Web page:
Tony, inside my own personal hell, listening intently at assembly, following in my steps along the hallways, ushered into a new class.
“Did you go there, Dad?”
“The school, dad”
“Sure, I did. Not for long though, we had to move out”
I can’t tell him. He must have figured it out with what his grandparents told him. The hushed conversation at the table every April. Almost a quarter of a century, the date keeps coming back. The 16th, the 17th, the 18th, the 19th. Haunting, always the same feeling, always the same nightmare played inside, repeated each year, without fail. The concerned look on my wife’s face, the noose in the garage ten years ago, same date, springing back up, jack-in-the-box-like, dooming and damning me forever.
I can’t park here but I step out anyway. I try to rub the sweat off my palm on my trousers. The sun has disappeared behind a plump cloud, the air is cooler. I should save Tony from it all, rush inside, wrench him away from there. I stand alone, the buses have left, the parents have left, only pupils, teachers and staff inside, just like on that day. Whole families, fathers, mothers, brothers, sisters, aunts, uncles, cousins walking inside, feeling the weight of the past, marking the spots I marked, always in the back on their mind, an underlying curse, latent, irrepressible, unerasable.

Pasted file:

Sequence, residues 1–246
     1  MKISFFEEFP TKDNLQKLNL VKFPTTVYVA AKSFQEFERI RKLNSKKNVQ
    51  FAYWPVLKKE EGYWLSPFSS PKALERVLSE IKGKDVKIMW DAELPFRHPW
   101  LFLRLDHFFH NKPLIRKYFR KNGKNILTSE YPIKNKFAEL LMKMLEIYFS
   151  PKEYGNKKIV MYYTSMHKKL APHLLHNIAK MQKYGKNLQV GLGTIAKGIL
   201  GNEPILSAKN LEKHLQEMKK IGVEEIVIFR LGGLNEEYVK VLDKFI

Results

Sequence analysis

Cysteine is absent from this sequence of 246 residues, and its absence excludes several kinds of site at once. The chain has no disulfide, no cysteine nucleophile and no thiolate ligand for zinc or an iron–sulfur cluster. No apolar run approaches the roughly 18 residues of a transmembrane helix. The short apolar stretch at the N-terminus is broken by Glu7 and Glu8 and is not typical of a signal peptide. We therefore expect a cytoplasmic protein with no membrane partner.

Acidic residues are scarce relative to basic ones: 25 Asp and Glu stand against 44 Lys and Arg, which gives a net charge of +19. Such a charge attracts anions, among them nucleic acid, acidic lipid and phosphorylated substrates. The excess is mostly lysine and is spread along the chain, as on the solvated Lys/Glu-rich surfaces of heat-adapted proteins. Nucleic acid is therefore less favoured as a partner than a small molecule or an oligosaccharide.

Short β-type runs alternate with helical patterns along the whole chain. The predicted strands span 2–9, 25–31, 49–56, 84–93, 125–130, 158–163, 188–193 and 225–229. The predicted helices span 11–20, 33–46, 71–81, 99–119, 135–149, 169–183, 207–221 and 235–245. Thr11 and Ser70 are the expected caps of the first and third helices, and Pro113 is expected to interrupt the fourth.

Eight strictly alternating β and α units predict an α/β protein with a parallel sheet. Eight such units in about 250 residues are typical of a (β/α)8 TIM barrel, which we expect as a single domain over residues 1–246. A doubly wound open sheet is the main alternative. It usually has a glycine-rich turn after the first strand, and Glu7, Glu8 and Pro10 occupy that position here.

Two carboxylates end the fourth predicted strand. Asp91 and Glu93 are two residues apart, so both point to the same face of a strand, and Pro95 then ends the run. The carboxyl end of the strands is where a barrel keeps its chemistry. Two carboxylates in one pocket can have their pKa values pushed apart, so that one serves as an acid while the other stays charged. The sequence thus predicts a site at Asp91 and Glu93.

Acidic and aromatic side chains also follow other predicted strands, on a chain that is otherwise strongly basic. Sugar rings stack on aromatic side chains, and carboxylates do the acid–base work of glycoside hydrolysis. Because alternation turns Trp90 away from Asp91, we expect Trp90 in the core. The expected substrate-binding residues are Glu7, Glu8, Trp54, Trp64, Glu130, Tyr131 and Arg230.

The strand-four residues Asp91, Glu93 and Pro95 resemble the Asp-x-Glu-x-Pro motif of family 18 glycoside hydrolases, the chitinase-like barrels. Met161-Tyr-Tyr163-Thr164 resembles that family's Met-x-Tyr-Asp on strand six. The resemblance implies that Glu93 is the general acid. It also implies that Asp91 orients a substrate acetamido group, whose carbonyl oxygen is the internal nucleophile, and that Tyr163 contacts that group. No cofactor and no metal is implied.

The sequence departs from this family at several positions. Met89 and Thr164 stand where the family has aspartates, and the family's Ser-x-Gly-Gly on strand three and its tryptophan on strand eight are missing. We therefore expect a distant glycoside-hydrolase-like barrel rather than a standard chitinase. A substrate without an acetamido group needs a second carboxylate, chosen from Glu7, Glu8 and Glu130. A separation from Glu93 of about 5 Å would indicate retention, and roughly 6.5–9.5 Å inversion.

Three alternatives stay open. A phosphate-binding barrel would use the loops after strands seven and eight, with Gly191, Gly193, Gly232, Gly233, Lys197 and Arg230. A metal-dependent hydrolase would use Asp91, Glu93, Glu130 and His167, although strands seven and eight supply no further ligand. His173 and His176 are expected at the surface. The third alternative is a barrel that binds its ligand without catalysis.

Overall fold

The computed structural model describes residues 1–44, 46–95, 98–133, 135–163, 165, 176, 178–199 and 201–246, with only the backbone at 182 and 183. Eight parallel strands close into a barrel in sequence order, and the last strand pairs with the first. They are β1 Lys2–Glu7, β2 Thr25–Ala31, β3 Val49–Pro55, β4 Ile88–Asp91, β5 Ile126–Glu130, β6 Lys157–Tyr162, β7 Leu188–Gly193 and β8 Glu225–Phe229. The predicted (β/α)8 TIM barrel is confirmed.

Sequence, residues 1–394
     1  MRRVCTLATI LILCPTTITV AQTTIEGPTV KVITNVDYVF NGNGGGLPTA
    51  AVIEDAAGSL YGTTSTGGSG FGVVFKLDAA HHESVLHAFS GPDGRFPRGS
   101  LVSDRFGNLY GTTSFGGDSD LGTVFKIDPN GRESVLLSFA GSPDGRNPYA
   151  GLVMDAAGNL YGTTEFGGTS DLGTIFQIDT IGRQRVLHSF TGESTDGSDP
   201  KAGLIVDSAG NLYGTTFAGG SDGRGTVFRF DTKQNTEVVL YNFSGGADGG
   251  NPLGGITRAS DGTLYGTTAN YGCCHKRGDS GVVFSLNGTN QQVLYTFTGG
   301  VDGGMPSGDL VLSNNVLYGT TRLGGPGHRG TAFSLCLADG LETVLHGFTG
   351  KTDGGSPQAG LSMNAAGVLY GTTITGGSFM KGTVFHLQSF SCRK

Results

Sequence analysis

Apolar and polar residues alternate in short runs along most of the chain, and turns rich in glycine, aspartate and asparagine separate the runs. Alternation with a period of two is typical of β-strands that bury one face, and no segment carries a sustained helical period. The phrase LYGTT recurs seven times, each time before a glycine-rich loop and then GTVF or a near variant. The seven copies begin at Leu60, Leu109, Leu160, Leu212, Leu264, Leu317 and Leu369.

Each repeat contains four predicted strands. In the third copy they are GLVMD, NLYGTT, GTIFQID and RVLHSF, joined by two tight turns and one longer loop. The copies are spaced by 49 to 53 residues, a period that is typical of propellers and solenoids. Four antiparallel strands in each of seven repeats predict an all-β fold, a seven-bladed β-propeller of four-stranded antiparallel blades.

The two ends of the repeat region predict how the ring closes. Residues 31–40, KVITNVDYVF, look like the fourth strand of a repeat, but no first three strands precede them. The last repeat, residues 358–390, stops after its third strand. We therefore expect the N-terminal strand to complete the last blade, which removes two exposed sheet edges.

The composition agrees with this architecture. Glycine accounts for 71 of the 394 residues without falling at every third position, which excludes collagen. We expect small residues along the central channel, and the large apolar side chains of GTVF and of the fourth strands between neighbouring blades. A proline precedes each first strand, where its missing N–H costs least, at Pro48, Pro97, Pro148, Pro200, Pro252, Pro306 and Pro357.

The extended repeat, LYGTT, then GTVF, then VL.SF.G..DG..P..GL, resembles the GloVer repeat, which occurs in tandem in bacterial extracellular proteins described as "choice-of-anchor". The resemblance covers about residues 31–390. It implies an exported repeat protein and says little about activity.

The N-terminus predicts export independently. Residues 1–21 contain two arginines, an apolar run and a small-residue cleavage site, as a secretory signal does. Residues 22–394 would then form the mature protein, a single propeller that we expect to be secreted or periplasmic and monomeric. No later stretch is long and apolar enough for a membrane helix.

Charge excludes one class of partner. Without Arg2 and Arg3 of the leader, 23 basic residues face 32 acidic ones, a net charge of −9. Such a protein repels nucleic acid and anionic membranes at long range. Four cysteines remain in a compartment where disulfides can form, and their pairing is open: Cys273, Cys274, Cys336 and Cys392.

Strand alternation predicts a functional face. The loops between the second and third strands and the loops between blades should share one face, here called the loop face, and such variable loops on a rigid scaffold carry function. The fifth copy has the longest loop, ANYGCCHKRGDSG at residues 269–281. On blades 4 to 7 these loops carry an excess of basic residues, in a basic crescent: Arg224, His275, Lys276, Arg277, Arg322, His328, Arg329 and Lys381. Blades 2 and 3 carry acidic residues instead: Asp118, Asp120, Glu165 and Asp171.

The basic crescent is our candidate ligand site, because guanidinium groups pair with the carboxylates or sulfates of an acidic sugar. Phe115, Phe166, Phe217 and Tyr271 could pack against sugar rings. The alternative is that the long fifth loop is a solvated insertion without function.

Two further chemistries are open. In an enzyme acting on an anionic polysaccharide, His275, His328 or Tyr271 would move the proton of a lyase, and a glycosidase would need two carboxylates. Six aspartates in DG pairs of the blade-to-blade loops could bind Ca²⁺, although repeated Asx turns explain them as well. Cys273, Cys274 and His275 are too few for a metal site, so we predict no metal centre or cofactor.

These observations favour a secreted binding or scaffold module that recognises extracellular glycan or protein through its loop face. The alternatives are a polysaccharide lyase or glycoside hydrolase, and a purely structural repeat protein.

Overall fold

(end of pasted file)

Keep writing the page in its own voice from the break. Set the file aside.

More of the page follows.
I start walking, the new library looming in the distance, flight of stairs leading to its entrance. A surrogate for a lost pass, a celebration for the future, a memorial. But I don’t walk over there, I turn around, leaving the future behind my back, living through the past. Pierce Street hasn’t changed either, its cracked-up sidewalks flower-beds for weeds, its traffic lighter now. It still borders Clement Park. A green wide area, with winding paths, batting cages, a big reservoir on the other side. I follow one of the paths with my former high school on the left, still staring at me, hunting me as I walk up the path leading to the memorial, forever haunting me.
I wasn’t there for the inauguration. The ring of remembrance built in red stones with the name of the victims on it, its wall of healing, its grey ribbon on the ground with the words “never forgotten” are unfamiliar, too set in stone, immobile,dead. They live inside of me, all fifteen names, every pop, every shout, every second of it, lapsing interminably, woven with prayers, begging, unfulfilled promises, an endless thread, winding in and out of my nightmare, stitched eternally inside the pupil of a teenager, looking 20 years into the future, to the site where his son is patiently listening to his head teacher, assiduously taking note, safe in knowing that death can’t be lurking outside the door. Innocent, blameless, ignoring that adults had failed us and that we, as adults, are failing them. The echo still exists in Parkland, Sandy Hook, Virginia Tech, senseless copycats, shooting through our minds like flying bullets, unheeded warnings, useless tragedies, unfolding again and again, blackening the pages ,without a full stop.